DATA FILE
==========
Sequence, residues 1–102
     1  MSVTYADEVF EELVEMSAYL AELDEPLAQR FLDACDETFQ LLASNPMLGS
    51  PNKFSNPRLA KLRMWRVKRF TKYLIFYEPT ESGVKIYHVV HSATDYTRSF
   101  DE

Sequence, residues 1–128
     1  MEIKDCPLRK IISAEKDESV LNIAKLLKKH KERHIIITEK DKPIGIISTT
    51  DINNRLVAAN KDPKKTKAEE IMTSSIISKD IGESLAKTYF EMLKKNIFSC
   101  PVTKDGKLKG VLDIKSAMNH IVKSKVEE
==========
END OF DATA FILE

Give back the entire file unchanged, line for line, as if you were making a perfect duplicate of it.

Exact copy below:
Sequence, residues 1–102
     1  MSVTYADEVF EELVEMSAYL AELDEPLAQR FLDACDETFQ LLASNPMLGS
    51  PNKFSNPRLA KLRMWRVKRF TKYLIFYEPT ESGVKIYHVV HSATDYTRSF
   101  DE

Sequence, residues 1–128
     1  MEIKDCPLRK IISAEKDESV LNIAKLLKKH KERHIIITEK DKPIGIISTT
    51  DINNRLVAAN KDPKKTKAEE IMTSSIISKD IGESLAKTYF EMLKKNIFSC
   101  PVTKDGKLKG VLDIKSAMNH IVKSKVEE